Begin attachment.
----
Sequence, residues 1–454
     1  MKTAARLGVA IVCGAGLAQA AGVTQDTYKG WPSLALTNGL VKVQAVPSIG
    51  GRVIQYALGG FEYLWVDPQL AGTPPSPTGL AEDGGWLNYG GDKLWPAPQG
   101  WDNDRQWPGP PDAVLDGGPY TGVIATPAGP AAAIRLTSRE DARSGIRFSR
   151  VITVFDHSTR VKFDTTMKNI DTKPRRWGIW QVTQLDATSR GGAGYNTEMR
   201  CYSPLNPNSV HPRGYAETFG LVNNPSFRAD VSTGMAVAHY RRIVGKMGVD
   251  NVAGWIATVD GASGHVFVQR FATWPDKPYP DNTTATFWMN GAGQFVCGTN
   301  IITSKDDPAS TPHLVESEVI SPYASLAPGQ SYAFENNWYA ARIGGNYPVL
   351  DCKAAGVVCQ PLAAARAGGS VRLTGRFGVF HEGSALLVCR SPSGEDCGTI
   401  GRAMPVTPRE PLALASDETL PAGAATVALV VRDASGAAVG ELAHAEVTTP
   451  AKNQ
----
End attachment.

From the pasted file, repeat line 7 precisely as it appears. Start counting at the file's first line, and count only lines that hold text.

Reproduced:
   251  NVAGWIATVD GASGHVFVQR FATWPDKPYP DNTTATFWMN GAGQFVCGTN